THE visually impaired lead singer of a Bridport-based band has told how his sight loss doesn’t hold him back.

Steve Evans, who lives near Eype, has been recently selected as the lead vocalist for East Street Band, a blues and Americana group.

The 60-year-old has just 4.5 to 5 per cent vision peripherally and needs some help getting to and from the floor area at the band’s gigs, but says singing completely transports him.

His first gig with the band was last week at a packed-out Anchor Inn in Burton Bradstock.

Bridport and Lyme Regis News: Steve singing with East Street band at their first gig Steve singing with East Street band at their first gig (Image: Supplied)

Tribunals judge Steve learns all of the music lyrics verbatim as he can’t read.

“I never tell people I am visually impaired,” he said.

“I think some of the audience would be amazed to find out. People expect you to be using a stick and to have a dog with you.”

Welshman Steve developed Stargardt disease – an eye disease that causes vision loss - when he was in his late 20s.

At the time the former Surrey resident was in the Met Police but could no longer continue in the force. Changing direction, he went to night school and then studied at Brunel University to become a physiotherapist.

Before experiencing sight loss Steve loved playing rugby. Although he has had to give the sport up, his dual life-long passion of music is something he has been able to continue.

He and his wife moved to Dorset four years ago, where Steve began singing with local shanty band the Bridport Broadsides.

“I had to let them know that I couldn’t read," he said. "I can’t sit with crib notes in front of me. For me the tough thing is learning every song verbatim.”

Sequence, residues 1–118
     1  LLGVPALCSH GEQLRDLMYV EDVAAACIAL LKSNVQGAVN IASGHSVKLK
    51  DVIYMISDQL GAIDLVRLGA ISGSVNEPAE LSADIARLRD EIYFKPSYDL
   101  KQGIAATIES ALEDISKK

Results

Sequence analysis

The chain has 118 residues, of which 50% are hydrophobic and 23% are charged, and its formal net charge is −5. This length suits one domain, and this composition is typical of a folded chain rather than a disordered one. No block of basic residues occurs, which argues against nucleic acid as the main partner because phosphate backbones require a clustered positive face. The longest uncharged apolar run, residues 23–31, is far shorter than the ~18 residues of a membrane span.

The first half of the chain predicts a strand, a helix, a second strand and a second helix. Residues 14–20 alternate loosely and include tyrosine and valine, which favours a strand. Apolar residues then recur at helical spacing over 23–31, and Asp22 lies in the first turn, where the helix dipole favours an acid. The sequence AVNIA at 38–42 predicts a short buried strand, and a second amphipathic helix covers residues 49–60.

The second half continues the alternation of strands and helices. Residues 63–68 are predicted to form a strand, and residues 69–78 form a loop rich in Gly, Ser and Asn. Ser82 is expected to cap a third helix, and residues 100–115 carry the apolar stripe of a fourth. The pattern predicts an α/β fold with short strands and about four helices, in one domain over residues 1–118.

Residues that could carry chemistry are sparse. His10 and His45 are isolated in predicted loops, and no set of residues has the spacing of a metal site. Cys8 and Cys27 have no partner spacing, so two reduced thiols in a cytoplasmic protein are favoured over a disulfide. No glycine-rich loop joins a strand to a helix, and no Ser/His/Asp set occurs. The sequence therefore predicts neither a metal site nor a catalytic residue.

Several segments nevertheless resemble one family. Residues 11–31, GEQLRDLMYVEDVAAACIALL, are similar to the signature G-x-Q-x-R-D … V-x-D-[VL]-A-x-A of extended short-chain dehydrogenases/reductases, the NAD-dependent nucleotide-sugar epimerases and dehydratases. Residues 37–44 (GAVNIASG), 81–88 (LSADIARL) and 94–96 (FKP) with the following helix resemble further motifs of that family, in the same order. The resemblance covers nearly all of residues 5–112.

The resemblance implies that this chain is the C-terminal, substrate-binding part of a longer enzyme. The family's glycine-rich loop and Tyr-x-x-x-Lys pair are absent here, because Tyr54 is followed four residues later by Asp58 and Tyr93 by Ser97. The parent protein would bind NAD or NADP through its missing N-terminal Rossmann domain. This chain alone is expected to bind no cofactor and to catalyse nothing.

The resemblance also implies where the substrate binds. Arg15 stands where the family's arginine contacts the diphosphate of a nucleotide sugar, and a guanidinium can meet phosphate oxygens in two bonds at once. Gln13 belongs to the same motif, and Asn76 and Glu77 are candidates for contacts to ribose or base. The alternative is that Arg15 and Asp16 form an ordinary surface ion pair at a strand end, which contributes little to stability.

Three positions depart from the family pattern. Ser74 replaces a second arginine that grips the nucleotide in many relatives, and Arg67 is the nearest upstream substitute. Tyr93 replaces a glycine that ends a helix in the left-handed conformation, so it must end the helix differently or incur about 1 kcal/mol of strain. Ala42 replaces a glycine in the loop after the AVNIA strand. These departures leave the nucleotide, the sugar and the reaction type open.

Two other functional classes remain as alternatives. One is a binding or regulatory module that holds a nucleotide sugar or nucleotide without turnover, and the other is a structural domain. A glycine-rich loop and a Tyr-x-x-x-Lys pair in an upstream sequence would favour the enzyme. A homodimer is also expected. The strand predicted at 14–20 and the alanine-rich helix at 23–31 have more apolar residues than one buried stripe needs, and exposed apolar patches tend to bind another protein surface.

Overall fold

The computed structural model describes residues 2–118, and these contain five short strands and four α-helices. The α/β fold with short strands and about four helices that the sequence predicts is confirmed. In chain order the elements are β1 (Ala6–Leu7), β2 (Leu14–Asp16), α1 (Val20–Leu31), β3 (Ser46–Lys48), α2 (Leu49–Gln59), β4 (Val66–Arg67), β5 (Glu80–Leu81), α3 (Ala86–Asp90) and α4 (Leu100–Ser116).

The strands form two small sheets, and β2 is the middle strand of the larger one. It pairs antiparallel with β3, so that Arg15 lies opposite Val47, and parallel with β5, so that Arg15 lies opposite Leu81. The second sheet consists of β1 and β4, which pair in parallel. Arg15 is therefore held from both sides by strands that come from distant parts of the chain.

Steve learnt four principal shanty songs and 44 he could sing along with everyone on the chorus.

Bridport and Lyme Regis News: Steve pictured with East Street Band Steve pictured with East Street Band (Image: Supplied)

He was singing with the Broadsides one evening when he was approached by a member of East Street Band and was asked to be their vocalist.

Steve took up the challenge of learning 26 songs verbatim and now regularly rehearses and performs with the band.

“I really felt the nerves for the first gig,” he said. “My wife and her friends were there and the whole place was rammed.

“It went really well and at the end of one song it was very hushed. And that’s when I knew everyone was listening.”

Steve is now busily learning more songs for the band’s next gig in Bucky Doo Square, Bridport, on July 13 at 10am.

East Street Band’s David Greenshields said selecting Steve as the new singer was down to his ‘amazing voice and not through any act of altruism on our part’.

Steve hopes that he can inspire other people in similar situations to pursue their passions.

“Singing is good for the soul,” he said. “You get such a lift from it and I would urge people to sing as much as they can.”